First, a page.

OKLAHOMA CITY – Take Shelter Oklahoma continues to fight for a $500 million bond that would fund the construction of storm shelters in local schools.
The group wrote a proposal that would show up on a ballot and sent it to Attorney General Scott Pruitt’s office.
Last month, the group filed an appeal to Pruitt’s changes to the language of the ballot proposal, saying his rewording takes the focus off of children’s safety.
The group has a theory as to why.
Danni Legg says it is as simple as playing politics with children’s safety.
Legg said, “Because of that stinking thinking my son is dead.”
Her son Christopher died in Plaza Towers Elementary School last May.
In her son’s memory, she’s supporting “Take Shelter Oklahoma” and its legal fight.
Walking into the Oklahoma State Supreme Court, the group’s attorneys filed papers outlining their argument against Attorney General Scott Pruitt.
First, the group argues Pruitt’s office did not contest their proposal within the required five days.
Richard Morrissette, one of the group’s attorneys, says, “He did it on the seventh day. End of story. He’s out of time.”
The group also claims Pruitt has close ties to the state chamber of commerce, who they claim wants to see the franchise tax money that would pay for the shelters eliminated.
David Slane, another attorney for the group, says, “We believe he took their money. We think he’s taking his marching orders from them and we want him off this case.”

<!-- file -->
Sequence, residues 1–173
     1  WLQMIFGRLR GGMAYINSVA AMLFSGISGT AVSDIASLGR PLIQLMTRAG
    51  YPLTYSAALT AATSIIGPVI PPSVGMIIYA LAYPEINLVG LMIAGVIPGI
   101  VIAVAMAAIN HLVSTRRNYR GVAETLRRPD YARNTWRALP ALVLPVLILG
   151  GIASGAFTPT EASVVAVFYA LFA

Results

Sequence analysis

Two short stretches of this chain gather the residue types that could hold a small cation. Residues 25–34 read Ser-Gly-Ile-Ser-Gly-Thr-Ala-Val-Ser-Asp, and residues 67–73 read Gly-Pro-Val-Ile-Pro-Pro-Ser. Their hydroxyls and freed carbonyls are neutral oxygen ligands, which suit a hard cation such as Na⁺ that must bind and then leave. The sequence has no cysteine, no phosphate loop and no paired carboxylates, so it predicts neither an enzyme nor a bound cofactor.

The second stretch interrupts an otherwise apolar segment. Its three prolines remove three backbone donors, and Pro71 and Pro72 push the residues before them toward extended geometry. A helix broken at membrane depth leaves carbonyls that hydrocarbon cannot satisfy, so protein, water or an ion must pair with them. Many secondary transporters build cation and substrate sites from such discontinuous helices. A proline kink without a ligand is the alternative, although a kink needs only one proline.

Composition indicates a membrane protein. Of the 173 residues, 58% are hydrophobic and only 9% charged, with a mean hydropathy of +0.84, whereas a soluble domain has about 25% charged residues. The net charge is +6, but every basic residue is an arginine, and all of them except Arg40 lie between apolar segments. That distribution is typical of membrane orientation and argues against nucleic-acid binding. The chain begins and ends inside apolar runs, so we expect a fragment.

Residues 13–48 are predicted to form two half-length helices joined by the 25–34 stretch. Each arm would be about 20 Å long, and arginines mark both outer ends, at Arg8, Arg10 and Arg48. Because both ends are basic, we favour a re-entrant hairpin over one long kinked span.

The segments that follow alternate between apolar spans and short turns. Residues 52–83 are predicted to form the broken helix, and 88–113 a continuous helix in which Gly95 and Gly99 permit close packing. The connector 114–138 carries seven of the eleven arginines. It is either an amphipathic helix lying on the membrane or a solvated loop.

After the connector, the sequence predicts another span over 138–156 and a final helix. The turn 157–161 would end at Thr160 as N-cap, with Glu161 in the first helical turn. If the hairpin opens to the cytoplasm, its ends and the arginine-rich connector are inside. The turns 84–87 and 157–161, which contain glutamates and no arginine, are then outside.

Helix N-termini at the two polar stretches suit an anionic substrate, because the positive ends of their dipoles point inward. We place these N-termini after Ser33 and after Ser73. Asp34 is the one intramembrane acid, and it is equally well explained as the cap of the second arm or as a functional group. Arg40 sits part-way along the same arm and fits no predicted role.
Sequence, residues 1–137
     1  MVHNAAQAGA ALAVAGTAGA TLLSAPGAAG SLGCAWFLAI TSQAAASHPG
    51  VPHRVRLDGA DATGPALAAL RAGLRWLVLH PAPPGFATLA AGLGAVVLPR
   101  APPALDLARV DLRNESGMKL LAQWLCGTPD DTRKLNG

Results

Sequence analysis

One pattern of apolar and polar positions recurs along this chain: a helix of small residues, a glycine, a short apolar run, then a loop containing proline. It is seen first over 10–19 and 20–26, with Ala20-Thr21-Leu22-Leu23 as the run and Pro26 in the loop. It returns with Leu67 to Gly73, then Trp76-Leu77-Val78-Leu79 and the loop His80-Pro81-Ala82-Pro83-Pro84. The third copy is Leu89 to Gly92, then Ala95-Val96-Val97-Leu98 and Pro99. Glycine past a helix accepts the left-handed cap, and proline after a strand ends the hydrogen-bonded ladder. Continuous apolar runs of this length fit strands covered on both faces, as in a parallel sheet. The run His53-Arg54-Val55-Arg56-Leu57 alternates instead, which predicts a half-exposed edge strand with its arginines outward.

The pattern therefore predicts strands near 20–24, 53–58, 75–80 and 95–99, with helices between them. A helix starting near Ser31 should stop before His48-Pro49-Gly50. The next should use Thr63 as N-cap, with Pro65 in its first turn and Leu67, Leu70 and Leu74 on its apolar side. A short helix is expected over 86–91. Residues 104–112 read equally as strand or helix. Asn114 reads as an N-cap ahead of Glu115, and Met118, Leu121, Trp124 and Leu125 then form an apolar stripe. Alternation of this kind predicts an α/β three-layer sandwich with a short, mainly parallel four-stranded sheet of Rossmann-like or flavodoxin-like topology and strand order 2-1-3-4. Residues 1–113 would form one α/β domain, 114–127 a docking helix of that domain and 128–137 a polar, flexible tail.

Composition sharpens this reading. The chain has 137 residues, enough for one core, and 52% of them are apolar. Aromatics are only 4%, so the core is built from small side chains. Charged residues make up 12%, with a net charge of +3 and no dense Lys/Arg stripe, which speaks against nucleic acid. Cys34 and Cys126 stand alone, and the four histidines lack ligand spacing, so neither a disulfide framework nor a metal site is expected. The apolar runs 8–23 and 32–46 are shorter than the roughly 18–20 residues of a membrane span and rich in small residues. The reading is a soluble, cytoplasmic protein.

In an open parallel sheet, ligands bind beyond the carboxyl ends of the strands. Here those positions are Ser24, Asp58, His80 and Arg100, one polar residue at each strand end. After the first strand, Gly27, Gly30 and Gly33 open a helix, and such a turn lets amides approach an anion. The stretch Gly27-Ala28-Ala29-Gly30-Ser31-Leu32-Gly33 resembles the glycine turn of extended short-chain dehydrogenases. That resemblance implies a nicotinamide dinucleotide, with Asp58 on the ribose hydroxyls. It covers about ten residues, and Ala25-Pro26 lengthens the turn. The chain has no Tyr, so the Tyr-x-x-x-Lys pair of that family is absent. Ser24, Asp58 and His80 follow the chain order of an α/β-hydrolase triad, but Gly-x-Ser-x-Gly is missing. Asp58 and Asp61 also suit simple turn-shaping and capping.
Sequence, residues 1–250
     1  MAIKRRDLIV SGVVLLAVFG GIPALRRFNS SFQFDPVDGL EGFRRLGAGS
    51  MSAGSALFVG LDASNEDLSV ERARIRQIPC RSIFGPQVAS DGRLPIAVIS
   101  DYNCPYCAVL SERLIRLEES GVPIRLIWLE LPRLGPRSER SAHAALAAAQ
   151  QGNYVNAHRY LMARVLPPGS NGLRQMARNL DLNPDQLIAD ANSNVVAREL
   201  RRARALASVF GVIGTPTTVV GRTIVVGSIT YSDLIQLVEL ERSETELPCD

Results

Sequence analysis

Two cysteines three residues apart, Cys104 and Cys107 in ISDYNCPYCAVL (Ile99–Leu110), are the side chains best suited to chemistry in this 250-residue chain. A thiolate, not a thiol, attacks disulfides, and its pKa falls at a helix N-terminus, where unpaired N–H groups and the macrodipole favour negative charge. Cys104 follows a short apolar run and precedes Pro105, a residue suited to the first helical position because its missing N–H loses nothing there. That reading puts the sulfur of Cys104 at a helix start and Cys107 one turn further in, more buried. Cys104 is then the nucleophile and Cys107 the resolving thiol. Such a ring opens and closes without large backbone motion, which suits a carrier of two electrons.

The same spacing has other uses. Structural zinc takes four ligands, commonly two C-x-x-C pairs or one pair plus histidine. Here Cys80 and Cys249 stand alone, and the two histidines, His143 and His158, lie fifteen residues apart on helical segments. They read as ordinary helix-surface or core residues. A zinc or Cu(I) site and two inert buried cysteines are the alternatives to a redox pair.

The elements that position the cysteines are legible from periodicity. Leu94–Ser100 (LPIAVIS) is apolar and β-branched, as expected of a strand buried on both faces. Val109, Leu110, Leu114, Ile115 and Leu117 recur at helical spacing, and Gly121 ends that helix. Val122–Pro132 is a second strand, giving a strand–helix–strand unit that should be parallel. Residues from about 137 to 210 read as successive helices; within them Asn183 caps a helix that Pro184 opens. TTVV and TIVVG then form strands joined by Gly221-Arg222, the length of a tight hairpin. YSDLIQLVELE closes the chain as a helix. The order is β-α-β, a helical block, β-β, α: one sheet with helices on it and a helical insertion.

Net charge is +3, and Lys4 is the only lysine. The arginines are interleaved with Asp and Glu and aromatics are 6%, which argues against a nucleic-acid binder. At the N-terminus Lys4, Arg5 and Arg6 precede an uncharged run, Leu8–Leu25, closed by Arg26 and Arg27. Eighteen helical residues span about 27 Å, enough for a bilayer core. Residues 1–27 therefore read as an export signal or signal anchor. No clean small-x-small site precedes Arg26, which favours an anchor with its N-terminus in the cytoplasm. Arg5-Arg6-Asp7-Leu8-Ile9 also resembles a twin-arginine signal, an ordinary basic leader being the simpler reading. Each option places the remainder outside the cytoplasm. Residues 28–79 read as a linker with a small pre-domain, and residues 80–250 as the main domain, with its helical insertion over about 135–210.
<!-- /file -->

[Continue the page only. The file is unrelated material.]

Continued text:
Supporters say in memory of the seven little ones lost, they will continue this fight.
“I live this every day,” says Legg. “Doing the right thing, which is putting our children first and protecting our children, should be on everyone’s agenda.”
In response, Attorney General Scott Pruitt says, “As a parent, I commend those trying to find a way to protect Oklahoma students from severe and dangerous weather and changes to this proposal should not be considered an opinion for or against their efforts. I, along with our senior attorneys, reviewed the proposed language as we do with every ballot title. We found it did not comply with the law, and then, as required, submitted a revised ballot title to the Secretary of State. The attorneys in my office are hard-working, professional public servants who work every day to enforce and uphold the rule of law; to assail their commitment as politically motivated is untruthful and just silly.”
The Oklahoma Chamber of Commerce says, “The allegations made in the brief are absurd and nothing more than a desperate publicity stunt. The State Chamber and its PAC have not made any contributions to Attorney General Scott Pruitt. The Chamber has taken no position on the proposed ballot measure.”
Meanwhile, the Dec. 16 deadline for the signatures required to get the proposal on the ballot still stands.
The initiative still needs approximately 100,000 signatures.
To keep the efforts alive, the group has launched the “Get Your 20″ campaign to encourage supporters to each get 20 signatures over the next four weeks.
Take Shelter Oklahoma representatives have said that under certain statutes, an extension can be granted because of the pending appeal but the group says it does not want to take any chances.